New Albany officials are taking incremental steps toward relocating and building a new $2.2 million firehouse on West Daisy Lane — not far from a planned aquatic center.
Although some details are still being worked out, the city and Kroger Co. have reached a tentative deal for the grocery company to pay $1.5 million for the city’s 21-year-old firehouse and adjoining property on Green Valley Road, adjacent to its New Albany Plaza store.
That would allow Kroger to proceed with a long-planned expansion. The city’s Redevelopment Commission, in turn, is assembling plans to relocate the firehouse on part of a 9.1-acre tract that includes the former Camille Wright pool property, said David Duggins, the city’s director of economic development.
Construction on the new facility could begin in six months.
On Tuesday, the commission is expected to continue its discussions on the firehouse relocation and to review nearly $11,000 in claims for schematic designs and survey work.
Next, the city plan commission and the board of zoning appeals will be asked to approve the proposal at June meetings, Duggins said.
New Albany officials had agreed to buy three West Daisy houses to clear property for the aquatic center and then were approached about buying three other homes by neighborhing property owners.
“They said ‘We do not want to be next to the aquatic center.’ We’ve been trying to be good neighbors,” Duggins said.
The commission voted during a special meeting April 29 to ratify the purchase of three properties — at 202, 206 and 210 West Daisy Lane — for the future firehouse. It had previously OK’d Duggins’ request to proceed with buying homes at 222, 220 and 212 West Daisy for the pool project.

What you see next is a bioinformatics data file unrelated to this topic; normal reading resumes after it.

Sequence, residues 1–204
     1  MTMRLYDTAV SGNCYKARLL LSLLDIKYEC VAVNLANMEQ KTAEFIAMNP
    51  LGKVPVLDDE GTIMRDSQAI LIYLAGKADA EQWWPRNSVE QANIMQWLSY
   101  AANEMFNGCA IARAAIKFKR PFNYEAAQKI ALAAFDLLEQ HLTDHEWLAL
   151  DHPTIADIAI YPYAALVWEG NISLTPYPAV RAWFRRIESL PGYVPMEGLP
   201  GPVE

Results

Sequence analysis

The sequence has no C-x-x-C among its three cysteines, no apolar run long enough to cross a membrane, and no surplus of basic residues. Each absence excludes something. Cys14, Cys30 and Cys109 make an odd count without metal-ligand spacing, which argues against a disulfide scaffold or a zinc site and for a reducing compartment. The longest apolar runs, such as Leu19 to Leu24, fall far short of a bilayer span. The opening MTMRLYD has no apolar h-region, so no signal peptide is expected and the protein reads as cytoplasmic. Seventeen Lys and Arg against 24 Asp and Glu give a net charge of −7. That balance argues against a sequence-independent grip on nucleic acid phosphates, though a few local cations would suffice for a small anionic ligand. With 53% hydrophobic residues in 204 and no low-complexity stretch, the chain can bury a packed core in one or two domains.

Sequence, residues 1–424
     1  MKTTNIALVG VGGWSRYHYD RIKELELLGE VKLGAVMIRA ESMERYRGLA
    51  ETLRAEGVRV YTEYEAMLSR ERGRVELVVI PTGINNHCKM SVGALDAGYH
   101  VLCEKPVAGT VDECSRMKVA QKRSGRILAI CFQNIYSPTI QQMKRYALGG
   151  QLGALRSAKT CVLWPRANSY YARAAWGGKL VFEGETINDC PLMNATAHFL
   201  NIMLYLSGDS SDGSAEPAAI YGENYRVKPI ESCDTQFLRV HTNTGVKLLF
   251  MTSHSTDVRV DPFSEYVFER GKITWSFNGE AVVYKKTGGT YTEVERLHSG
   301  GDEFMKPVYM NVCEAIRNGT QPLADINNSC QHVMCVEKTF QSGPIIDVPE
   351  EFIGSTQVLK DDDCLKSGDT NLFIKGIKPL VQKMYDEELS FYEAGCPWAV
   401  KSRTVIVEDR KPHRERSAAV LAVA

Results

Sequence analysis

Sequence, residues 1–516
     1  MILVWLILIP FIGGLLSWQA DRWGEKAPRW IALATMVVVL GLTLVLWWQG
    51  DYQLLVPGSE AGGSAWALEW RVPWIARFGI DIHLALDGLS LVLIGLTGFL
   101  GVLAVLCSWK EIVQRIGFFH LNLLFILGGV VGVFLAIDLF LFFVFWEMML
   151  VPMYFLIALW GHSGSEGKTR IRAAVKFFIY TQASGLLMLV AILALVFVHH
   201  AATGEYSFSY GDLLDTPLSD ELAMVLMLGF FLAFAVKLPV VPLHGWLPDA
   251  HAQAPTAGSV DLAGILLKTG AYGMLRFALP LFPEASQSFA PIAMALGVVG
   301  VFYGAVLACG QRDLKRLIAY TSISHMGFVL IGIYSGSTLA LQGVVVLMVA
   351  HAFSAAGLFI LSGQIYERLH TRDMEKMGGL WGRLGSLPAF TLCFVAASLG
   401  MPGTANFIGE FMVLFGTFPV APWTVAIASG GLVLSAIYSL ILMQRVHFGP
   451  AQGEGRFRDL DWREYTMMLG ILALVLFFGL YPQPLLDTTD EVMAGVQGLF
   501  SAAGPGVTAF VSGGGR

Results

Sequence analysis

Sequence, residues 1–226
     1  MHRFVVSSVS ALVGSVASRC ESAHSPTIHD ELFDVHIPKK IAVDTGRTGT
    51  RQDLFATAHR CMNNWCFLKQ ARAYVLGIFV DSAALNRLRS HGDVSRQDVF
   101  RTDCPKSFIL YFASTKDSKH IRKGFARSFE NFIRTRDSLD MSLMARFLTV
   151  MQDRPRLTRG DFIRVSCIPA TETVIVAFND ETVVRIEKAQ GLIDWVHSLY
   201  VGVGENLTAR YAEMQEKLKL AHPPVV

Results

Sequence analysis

Because they’re still settling on the firehouse plan, Duggins said that he has asked the commission to borrow money for preliminary design and survey costs from the city’s State Street Tax Increment Finance fund.
The commission had approved $64,968 last month for initial design and site survey work. The money could either be repaid from the bond issue or from proceeds from the old firehouse sale, Duggins said.
While the city will pay $700,000 more than Kroger’s price on the relocated fire station, the fire department asked that they include two improvements — dormitory-style sleeping quarters and a “drying tower” thatis used to hang canvas fire hoses for proper drying.
The sleeping area is a large open room, and the current house has no tower to handle the drying, Duggins said.
They have estimated that the enlarged Kroger would generate more than $75,000 in additional TIF revenues and about 25,000 in economic-development income taxes, or EDIT funds, annually, which should help repay the extra money the city will spend on the new firehouse, Duggins said.
Councilman Dan Coffey, a member of the redevelopment commission, did not attend last month’s special meeting. But he said Monday that he supports the idea of keeping a firehouse in the vicinity.
He also favors conducting a study to determine the best locations for all New Albany firehouses at a time when two others — at Community Park and in the Twin Oaks area — are in need of repair. They should take a big-picture look at the needs before making a large investment in a relocation, Coffey said.